reflexes, sensory examination, and motor strength, should be performed
on each patient with particular attention to any dysesthesia near the
sacrum and rectum. A history of bowel or bladder dysfunction may be
indicative of cauda equina syndrome.
About one-third of patients with symptomatic
spondylolisthesis have evidence of scoliosis. The scoliosis most
commonly seen in association with symptomatic spondylolisthesis is
generally not structural. It is more commonly seen in patients with
high-degree slips. The curve is usually in the lumbar region and
resolves with the resolution of the symptoms of the spondylolisthesis.
Some patients have a characteristic idiopathic scoliosis that is
unaffected by the spondylolisthesis or its treatment.
Spondylolisthesis in patients with isthmic spondylolysis
may occur any time after the pars fractures. Most slippage occurs
during the adolescent growth spurt. Rarely are significant increases


in the degree of spondylolisthesis seen after skeletal maturity.

FIGURE 16-22. High grade spondylolisthesis, physical findings. (A)
Note the flattening of the buttock, anterior protrusion of the pelvis,
visible lumbar slip-off, and apparent shortening of the trunk. (B)
Displaying characteristic hamstring tightness, limiting his ability to
touch his toes without flexing the knees. (Turner RH, Bianco AJ.
Spondylolysis and spondylolisthesis in children and teenagers. J Bone
Joint Surg 1971;53A:1298)
If spondylolysis or spondylolisthesis is clinically
suspected, standing PA and standing lateral radiographs of the spine
with a cone-down lateral view of L3 to the sacrum are indicated. In
most cases, the pars interarticular defect can be seen on the spot
lateral views. The defect is usually at the L5 to S1 level. Defects at
the L4 level are more common in patients who have complete or partial
sacralization of the L5 vertebra. If the defect is not visualized on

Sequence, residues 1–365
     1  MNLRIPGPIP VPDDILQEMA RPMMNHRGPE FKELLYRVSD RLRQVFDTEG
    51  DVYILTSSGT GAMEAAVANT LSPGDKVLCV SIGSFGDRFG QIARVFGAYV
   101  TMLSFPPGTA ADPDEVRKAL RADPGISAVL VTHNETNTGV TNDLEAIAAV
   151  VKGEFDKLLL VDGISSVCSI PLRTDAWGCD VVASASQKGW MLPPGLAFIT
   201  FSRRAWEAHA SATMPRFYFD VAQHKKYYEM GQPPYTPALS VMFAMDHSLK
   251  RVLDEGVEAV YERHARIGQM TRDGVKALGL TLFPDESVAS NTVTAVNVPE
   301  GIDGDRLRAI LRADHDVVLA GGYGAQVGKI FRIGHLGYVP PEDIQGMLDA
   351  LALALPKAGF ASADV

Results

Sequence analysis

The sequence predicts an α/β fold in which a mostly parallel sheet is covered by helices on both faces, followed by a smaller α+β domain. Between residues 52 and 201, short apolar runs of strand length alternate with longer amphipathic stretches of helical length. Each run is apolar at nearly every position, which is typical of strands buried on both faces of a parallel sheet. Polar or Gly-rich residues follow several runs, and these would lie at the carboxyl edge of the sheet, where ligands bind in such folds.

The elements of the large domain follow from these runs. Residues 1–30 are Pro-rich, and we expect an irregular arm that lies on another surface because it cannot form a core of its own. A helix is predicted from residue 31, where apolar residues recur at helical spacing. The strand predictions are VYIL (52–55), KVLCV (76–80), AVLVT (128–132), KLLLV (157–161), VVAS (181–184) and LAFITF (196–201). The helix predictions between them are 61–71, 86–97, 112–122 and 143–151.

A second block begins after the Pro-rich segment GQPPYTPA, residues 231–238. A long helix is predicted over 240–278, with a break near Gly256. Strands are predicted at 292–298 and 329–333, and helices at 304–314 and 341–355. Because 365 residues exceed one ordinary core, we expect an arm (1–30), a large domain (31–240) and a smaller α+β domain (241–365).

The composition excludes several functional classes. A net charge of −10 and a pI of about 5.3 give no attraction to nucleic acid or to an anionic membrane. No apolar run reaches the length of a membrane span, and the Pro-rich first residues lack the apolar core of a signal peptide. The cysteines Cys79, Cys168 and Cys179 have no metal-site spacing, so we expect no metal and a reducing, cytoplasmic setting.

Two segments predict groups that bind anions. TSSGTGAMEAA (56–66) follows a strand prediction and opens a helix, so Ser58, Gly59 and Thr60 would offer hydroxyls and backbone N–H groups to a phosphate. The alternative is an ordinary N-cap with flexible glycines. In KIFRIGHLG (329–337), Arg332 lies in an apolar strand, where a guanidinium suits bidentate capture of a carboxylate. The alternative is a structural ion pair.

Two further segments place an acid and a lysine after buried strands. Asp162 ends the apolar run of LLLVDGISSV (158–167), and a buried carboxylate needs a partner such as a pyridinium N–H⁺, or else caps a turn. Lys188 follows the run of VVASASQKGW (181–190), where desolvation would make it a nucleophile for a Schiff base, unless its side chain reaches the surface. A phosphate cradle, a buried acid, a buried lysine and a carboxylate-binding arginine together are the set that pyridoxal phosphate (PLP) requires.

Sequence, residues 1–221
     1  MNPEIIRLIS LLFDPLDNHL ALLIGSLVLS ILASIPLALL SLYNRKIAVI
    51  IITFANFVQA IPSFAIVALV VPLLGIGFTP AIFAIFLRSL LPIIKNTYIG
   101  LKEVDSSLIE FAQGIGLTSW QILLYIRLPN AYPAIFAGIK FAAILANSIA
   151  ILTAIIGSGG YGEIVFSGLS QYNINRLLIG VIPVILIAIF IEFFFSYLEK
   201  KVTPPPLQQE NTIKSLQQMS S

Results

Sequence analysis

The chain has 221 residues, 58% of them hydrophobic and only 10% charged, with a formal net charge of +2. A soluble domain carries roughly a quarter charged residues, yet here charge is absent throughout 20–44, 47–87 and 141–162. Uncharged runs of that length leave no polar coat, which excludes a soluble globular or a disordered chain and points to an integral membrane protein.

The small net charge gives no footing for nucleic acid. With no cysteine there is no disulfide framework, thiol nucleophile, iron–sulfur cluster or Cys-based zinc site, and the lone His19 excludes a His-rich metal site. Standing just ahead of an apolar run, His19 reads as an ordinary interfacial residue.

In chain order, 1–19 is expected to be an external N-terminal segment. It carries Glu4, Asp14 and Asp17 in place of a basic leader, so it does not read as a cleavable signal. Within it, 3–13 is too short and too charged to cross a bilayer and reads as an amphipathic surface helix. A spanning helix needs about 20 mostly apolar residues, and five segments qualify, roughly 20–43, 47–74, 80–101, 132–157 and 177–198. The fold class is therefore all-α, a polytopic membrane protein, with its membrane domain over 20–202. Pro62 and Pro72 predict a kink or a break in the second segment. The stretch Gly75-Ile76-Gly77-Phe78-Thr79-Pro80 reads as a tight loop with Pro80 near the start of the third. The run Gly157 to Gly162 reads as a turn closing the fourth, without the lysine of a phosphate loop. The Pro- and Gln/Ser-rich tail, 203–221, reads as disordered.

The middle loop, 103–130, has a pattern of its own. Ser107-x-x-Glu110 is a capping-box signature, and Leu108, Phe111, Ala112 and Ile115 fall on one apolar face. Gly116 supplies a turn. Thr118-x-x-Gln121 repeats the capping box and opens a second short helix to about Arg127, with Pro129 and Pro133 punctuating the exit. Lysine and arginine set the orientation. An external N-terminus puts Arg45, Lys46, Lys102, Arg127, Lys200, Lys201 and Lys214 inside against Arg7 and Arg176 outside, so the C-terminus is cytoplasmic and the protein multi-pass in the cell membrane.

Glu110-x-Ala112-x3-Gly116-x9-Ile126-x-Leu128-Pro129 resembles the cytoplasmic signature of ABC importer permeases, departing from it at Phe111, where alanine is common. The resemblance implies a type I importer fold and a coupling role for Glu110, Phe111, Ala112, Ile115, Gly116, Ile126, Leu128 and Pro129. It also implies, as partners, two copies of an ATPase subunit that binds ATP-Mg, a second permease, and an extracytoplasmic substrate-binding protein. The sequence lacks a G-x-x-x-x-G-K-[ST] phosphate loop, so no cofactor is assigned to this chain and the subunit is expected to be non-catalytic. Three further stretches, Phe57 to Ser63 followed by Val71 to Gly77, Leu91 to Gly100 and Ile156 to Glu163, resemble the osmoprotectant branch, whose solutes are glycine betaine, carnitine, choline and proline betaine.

the lateral film and the condition is suspected, an oblique view may be
helpful. On this view, one can see what has been described as a Scotty
dog with a broken neck or wearing a collar (Figure 16-23).
In about 20% of patients, the lytic defect is unilateral and may be
accompanied by reactive sclerosis in the opposite pedicle, lamina, or
both. This situation often presents a difficult diagnostic dilemma in
that the sclerotic region can be confused with lesions


as osteoid osteoma and osteoblastoma. If the lesion is not visualized
on plain radiograph, technetium bone scanning, Spect scan, or CT scan
may be helpful in identifying the lesion. In an acute injury, a “hot”
bone scan may allow for early detection. Bone scanning is also used to
assess whether an established lesion has the potential to heal. If the
lesion is “cold,” there is an established nonunion, and hence
immobilization would probably not result in healing of the stress

FIGURE 16-23. (A)
Diagram of oblique radiograph of lumbosacral junction, showing cleft in
isthmus of the fifth lumbar vertebra. The articular process of the
sacrum projects upward and penetrates the cleft, meeting the inferior
articular process of the fourth lumbar vertebra. (B)
Pathology of spondylolisthesis showing the relation of the nerve root
as it courses through the intervertebral foramen. The continuity of the
pars interarticularis is bridged at the defect by a fibrous or
fibrocartilaginous mass that rarely may encroach on the nerve root of
FIGURE 16-24. (A)
Nineyear-old girl with type I spondylolisthesis. Note how pars
interarticularis has become attenuated, allowing for severe slippage
(translation and angulation). The entire posterior arch has slipped
forward. (B) Polytome demonstrating the elongation of pars interarticularis.
In type I spondylolisthesis, the entire posterior arch slips forward (Figure 16-24).
There is dysplasia of the superior articular facets of the sacrum and
inferior articular facets of L5. Type I slips are generally limited to
25 to 30% slippage unless the pars becomes attenuated or fractures,
allowing for severe degrees of slippage to occur.
In type II spondylolisthesis, the spinous process and posterior elements remain behind (Figure 16-25). Other changes should be noted, including the shape of the sacrum (i.e., whether it is flattened or domeshaped; Figure 16-26) and the amount of wedging of L5 (Figure 16-27).
In the adult disc space, narrowing and degenerative changes at the